Adam Isacson

Still trying to understand Latin America, my own country, and why so few consequences are intended. These views are not necessarily my employer’s.

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The day ahead: November 14, 2018

I’m around much of the afternoon. (How to contact me)

Other than two internal WOLA meetings (this morning and mid-afternoon), I’m in the office today. My father is in town, so I’ll be breaking a bit early. Otherwise, I’ll be here writing a Colombia update.

Some articles I found interesting this morning

Flickr-Policía photo at Verdad Abierta (Colombia). Caption:“Durante 2017 se erradicaron forzadamente más de 50 mil hectáreas.”

(Even more here)

November 13, 2018

Western Hemisphere Regional

  • Rafael Croda, Ni Izquierda Ni Derecha, en 2018 America Latina Giro a la Ultraderecha (Proceso (Mexico), November 13, 2018).

    Los grandes polos ideológicos de la región serán México y Brasil, con López Obrador y Bolsonaro. Pero la capacidad de estos dos líderes de conducir la política latinoamericana estará determinada por las alianzas que logren hacer con el bloque de centroderecha

Brazil

  • Rights Commission Expresses Deep Concern About Brazil (Associated Press, ABC News, November 13, 2018).

    “Killings committed by security forces must end. They must protect people, not kill them,” the commission’s president, Margarette May Macaulay, said at news conference

Brazil, Uruguay

  • Andrea Barretto, Brazil Donates 25 Armored Tanks to the Uruguayan Army (Revista Dialogo (U.S. Southern Command), November 13, 2018).

    The M-41C vehicles that the Brazilian Army used through 2009 will be part of the Uruguayan Army’s 13th Armored Infantry Battalion Brazil purchased the M-41 armored vehicles from the United States in the 1960s. EB used the vehicles equipped with cannons for almost five decades for training purposes

Central America Regional, Mexico

Chile

Colombia

  • Olga Patricia Rendon, “No Estan los Recursos para el Posconflicto”: Archila (El Colombiano (Medellin Colombia), November 13, 2018).

    El alto consejero asegura que hubo una mala interpretación de la cifra de $170 billones para financiar el posconflicto en los próximos 15 años, por lo que destacó que la cifra establecida es de $129,5 billones

  • Programa de Sustitucion Voluntaria de Hoja de Coca, en Estado Critico (Verdad Abierta (Colombia), November 13, 2018).

    Aunque el alto funcionario pide “paciencia”, las deudas en materia de desarrollo son de larga data y las demoras en la implementación han empezado a deteriorar la confianza que las comunidades depositaron en el Acuerdo de Paz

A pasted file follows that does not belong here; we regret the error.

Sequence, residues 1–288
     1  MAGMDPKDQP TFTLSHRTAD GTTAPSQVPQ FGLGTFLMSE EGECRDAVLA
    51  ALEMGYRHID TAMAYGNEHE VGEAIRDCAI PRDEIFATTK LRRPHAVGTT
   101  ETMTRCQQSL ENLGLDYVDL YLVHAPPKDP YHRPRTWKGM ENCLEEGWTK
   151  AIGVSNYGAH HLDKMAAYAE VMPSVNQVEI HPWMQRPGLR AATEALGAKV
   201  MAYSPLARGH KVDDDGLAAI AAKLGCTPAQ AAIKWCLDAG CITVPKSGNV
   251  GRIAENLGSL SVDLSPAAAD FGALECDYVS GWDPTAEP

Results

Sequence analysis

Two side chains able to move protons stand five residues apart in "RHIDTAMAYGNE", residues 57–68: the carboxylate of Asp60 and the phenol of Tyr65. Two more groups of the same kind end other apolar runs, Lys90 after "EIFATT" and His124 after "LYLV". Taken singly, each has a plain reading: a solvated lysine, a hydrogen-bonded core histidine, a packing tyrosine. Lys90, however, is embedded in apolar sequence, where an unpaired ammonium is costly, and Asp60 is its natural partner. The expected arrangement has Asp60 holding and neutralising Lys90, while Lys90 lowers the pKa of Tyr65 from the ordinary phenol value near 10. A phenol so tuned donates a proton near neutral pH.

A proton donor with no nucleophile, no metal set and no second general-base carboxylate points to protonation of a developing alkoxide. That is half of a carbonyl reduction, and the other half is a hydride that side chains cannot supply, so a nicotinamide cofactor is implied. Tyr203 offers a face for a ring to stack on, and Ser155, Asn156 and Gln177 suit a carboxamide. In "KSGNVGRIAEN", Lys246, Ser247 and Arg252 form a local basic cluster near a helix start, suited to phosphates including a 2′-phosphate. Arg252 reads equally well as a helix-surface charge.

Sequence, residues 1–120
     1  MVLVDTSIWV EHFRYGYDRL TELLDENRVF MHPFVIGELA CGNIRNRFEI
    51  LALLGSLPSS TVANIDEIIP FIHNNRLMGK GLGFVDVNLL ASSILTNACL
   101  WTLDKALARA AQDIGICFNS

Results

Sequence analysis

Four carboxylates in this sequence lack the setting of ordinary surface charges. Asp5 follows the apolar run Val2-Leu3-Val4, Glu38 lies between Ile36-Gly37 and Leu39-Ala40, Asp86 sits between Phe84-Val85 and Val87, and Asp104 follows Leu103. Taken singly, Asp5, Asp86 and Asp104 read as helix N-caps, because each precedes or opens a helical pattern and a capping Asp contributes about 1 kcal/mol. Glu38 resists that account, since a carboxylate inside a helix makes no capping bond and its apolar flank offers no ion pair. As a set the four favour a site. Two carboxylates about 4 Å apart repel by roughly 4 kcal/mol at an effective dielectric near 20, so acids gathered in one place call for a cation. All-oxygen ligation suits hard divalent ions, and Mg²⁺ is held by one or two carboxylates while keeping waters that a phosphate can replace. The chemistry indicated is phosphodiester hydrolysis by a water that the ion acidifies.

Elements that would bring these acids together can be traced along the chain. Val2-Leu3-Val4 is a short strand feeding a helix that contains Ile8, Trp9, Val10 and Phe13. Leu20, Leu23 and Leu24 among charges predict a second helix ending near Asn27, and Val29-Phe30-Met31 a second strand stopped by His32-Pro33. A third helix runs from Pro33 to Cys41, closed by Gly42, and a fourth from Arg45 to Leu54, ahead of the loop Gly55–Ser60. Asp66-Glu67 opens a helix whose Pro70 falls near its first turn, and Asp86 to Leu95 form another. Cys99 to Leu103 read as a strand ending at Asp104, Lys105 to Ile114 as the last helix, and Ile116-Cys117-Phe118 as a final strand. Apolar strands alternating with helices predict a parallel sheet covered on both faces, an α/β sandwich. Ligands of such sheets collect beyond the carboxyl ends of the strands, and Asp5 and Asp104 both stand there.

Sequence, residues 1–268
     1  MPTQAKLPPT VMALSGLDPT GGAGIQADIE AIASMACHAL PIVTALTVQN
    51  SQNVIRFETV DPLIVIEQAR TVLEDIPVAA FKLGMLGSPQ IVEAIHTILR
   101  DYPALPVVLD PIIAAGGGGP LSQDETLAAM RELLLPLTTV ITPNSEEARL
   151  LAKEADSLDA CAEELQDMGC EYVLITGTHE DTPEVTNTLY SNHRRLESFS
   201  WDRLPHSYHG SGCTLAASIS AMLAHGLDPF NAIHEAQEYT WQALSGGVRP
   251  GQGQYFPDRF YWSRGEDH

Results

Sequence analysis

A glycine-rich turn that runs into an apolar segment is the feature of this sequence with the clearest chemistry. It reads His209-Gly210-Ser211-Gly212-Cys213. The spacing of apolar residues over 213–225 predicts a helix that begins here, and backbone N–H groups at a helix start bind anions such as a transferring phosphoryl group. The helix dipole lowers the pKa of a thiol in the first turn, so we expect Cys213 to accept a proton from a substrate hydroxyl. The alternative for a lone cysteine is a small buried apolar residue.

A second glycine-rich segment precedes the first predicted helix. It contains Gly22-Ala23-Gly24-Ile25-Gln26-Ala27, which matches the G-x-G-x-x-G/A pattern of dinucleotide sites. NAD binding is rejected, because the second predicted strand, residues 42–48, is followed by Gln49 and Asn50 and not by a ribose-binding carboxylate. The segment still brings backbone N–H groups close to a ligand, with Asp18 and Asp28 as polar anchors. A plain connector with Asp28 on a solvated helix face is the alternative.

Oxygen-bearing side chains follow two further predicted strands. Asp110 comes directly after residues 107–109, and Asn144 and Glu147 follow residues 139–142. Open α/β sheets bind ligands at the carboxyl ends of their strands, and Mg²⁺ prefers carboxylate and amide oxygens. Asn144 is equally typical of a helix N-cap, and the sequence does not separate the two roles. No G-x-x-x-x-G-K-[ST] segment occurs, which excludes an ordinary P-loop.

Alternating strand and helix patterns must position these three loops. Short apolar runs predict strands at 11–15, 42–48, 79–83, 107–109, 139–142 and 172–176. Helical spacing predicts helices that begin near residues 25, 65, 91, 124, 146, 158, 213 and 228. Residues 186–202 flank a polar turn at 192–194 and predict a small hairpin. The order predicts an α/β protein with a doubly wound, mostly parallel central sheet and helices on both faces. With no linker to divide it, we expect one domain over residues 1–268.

• Juan Camilo Montoya, Ataques Alejan el Dialogo Con el Eln (El Colombiano (Medellin Colombia), November 13, 2018).

    Según información de Ecopetrol, este año van 79 atentados contra la infraestructura petrolera del país, lo cual representa en promedio uno cada cuatro días

Dominican Republic, Haiti

  • Jonathan M. Katz, What Happened When a Nation Erased Birthright Citizenship (New America, The Atlantic, November 13, 2018).

    As Dominicans have ably shown, the most extreme rhetoric has a way of becoming real. And the consequences of inciting millions of people against vulnerable groups of immigrants are impossible to control

Honduras

Mexico

  • Ezequiel Flores Contreras, Grupo Armado Toma Poblado en la Sierra Amapolera de Guerrero (Proceso (Mexico), November 13, 2018).

    Ahora, aunque ese precursor de la heroína está a la baja, la zona sigue siendo un territorio que se disputan los grupos del crimen organizado, pues además de la droga controlan la producción minera y la explotación forestal

Nicaragua

Venezuela

The day ahead: November 13, 2018

I’ll be in and out all day, a bit hard to reach. (How to contact me)

Yesterday was a holiday here in the United States, which gave me time to add edits, photos, footnotes and other touches to a monster-sized forthcoming report on Colombia, based on our early September research trip. That is out of my hands for now, I’m happy to say, as colleagues here add their parts to it. I’m pleased with how it’s turned out.

I’m in and out today. I have an on-camera interview this morning here in the office, a lunch with a visiting Colombian colleague, and a visit from some Bogotá-based U.S. officials. This evening, the president of Colombia’s Truth Commission arrives in Washington, where he’ll be for the rest of the week, and I’ll brief him about his visit.

In between, I hope to post items here.

Some articles I found interesting this morning

Even more here)

November 12, 2018

Western Hemisphere Regional

Brazil

  • Andres Schipani, Joe Leahy, Brazil’s Generals Vow to Stay Out of Politics (The Financial Times (UK), November 12, 2018).

    General Villas Bôas said the country was “politically mature” with strong institutions. “Brazil will not turn into a fascist country. That’s not in our nature,” he said